As the Board of Supervisors came together for their regular meeting on July 27, the meeting was moved to the conference room with the number of public guests in attendance wishing to address their concerns as well as have questions answered regarding the courthouse remodel.
The office remodeling topic for the treasurer’s, auditor’s and recorder’s offices is one that has been a main focal point of discussion for several months as the treasurer’s office stated the need for more privacy as well as more room was the largest factor in this request.
Previously, the board authorized an advertisement to be placed asking for quotes from contractors to be received for the work needing to be completed. The deadline for these bids to be received was July 24 at 4 p.m. in which only one sealed bid was received from Nic Emerson, which was opened during this meeting.
The bids were broken down by each office in the courthouse looking to remodel with several options given for the treasurer and auditor’s offices.
Remodel options including countertops, cabinets, removing walls, placing new doors, add wall partitions were discussed with bid amounts ranging from $3,400 up to $7,175 for the auditor’s office.
The bid for the recorder’s office remodel was $3,250 and the total bid for the treasurer’s office was $12,000.
Each department head took a moment to speak to the board and the public in attendance to explain how the remodel would benefit each office.
Recorder Angie Horton noted there is an inconvenience to the customers with the current setup while also stating, “The remodel will also help protect our staff in the recorder’s office and our customers now and in the future.”
“Looking over this, we are looking about $25,000 and to the average person’s bank account that’s a lot of money, but the county is sitting really good,” said Auditor Michelle Dooley. “Not to say we should just be reckless with the funds, but I think you need to consider why it’s a good move for the departments. Why it’s a good move for the residents. Why we should be preparing to move for the future even though we are in a moment of crisis.”
“I work for the public and the taxpayer and I feel it is my duty to do this as economical as possible for the taxpayer,” said Supervisor Don Seams.
“Don said he is working for the taxpayer, so am I, I am working for the taxpayer,” said Treasurer Kim Swearingin. “From day one what I have heard is it’s about money. I put into my budget $15,000, all I need is an approval to actually do something with the office because you guys are in charge of the courthouse. I feel, my budget if you were not for any of this at the time, you should not have approved my budget when you did back in March.”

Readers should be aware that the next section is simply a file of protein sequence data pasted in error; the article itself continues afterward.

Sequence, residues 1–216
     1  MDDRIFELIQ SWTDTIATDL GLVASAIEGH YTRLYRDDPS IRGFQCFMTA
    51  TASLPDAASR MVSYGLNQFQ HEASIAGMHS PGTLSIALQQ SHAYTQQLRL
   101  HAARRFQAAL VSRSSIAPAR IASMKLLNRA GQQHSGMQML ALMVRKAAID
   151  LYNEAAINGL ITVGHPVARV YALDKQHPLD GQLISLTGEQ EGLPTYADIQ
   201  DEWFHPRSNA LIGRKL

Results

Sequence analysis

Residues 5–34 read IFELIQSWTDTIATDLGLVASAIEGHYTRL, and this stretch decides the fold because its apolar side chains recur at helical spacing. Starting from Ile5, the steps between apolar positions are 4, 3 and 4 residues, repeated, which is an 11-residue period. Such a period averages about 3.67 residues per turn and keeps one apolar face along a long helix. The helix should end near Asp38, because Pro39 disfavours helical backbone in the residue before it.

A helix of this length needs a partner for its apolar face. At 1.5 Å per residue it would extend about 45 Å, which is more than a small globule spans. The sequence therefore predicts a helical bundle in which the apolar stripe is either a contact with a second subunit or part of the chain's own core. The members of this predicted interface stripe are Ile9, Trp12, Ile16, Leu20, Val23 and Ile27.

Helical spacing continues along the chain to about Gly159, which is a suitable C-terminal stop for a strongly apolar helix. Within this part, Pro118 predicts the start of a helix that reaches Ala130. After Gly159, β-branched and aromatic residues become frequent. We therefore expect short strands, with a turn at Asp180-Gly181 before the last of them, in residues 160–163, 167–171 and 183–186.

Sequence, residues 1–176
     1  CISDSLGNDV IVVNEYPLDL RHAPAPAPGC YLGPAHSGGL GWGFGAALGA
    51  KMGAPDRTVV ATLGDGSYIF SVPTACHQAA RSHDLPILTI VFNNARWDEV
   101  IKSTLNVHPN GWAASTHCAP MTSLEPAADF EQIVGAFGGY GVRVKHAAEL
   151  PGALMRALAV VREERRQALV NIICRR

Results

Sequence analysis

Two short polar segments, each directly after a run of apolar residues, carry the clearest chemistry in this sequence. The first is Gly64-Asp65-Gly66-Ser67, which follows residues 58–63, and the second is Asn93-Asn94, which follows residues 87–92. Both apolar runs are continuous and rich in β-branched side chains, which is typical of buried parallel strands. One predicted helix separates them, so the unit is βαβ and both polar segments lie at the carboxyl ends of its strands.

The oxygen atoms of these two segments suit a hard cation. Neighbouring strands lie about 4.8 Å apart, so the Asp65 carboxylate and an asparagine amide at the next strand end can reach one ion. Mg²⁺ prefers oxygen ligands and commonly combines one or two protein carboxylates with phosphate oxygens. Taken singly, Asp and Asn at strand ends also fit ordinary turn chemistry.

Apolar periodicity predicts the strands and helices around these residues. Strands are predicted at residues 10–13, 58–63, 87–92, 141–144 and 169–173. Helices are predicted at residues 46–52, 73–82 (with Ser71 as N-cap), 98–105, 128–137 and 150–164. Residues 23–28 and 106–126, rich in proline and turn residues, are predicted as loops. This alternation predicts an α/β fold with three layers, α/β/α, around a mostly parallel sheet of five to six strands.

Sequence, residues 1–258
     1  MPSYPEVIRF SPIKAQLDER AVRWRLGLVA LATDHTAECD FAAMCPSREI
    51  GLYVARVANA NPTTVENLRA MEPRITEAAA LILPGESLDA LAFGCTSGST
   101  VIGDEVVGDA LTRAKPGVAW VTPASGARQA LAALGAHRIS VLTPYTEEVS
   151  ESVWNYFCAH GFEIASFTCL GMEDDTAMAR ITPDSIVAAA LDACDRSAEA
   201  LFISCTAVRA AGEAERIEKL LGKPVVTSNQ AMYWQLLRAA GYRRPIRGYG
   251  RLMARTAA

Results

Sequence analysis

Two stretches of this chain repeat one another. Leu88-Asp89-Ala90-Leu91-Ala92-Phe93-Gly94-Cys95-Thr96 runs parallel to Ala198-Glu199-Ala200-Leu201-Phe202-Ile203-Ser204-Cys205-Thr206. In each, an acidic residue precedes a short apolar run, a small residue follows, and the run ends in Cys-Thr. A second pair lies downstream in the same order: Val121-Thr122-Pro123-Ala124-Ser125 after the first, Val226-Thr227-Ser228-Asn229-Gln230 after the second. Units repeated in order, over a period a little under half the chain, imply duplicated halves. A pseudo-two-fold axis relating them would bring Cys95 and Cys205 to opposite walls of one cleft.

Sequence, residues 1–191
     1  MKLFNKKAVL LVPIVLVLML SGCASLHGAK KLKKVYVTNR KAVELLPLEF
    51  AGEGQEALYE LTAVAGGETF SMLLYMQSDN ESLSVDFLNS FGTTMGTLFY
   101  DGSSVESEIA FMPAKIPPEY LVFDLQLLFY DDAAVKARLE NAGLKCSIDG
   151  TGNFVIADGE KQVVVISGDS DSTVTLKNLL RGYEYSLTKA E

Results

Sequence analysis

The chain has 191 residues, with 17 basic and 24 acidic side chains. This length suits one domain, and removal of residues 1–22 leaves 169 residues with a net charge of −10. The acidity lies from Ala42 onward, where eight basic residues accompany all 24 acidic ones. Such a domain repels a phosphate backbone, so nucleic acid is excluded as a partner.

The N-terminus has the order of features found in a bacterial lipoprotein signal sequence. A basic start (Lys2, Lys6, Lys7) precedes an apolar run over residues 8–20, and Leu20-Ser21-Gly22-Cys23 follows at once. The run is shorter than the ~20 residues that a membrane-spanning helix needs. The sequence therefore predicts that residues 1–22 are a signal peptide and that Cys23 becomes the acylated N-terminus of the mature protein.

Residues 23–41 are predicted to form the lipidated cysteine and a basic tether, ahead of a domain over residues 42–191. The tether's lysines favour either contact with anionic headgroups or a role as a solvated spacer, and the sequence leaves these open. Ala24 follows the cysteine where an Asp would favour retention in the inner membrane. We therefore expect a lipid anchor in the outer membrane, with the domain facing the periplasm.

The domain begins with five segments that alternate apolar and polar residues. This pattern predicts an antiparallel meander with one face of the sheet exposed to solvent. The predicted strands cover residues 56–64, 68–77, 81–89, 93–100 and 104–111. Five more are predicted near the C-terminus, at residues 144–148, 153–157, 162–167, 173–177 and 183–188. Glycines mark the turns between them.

“I don’t think it can be considered a money issue because do any of you know how much claims you have actually approved to go through this courthouse building in the last two months?” asked K. Swearingin.
“We’re looking at probably somewhere in the neighborhood of $400 to $600,000,” said Dooley.
“No actually you are looking at so far they’ve spent $978,000 in June and July,” stated K. Swearingin.
A motion was made to table the remodel to allow more time for bid review and it would be revisited in the next board meeting on August 10.
In other business the board approved the resolution to authorize the redemption of outstanding general obligation of the local option sales and services tax refunding bonds, Series 2012A. The bond proposal contract with Northland Securities in the amount of $1,945,000 was accepted which will save the county approximately $92,000.
In a previous meeting the board made a motion they would set a schedule for their availability in the courthouse. Dooley noted if a set schedule would not be made, a motion to rescind the previous motion would be needed.
Discussion took place on this issue as guest Sue Ruble stated why she preferred a schedule be made.
“The taxpayers expect to see you here,” said Ruble. “Tom [Swearingin] has set up a schedule and I understand you all have other meetings. If Don [Seams] has a meeting one day and David [Dotts] doesn’t, it can be subject to change but there will be somebody in this building on these hours, on these days.”
“I think the taxpayers want face-to-face time, I want face-to-face time with anybody I am dealing with,” Ruble continued. “I don’t want to do it by phone and I don’t want to do it on the internet. The taxpayers are paying for that and I think you need to have a schedule.”
Supervisor Swearingin stated he would continue to be present in the office on Mondays, Wednesdays and Fridays from 8 to 11 a.m. Supervisors Seams and Dotts stated they did not wish to pinpoint an exact schedule of when they would be available in the event a meeting would prevent them from being present in the courthouse.
They wished to have their phone numbers continue to be published in the event a member in the county would like to contact them. Seams can be reached at (641) 895-8585 and Dotts can be reached at (641) 344-5076.
The next Board of Supervisors meeting will be held on Monday, August 10 at 9 a.m. The Times-Republican will now be live-streaming each public meeting of the Board of Supervisors on our Facebook page Corydon Times-Republican.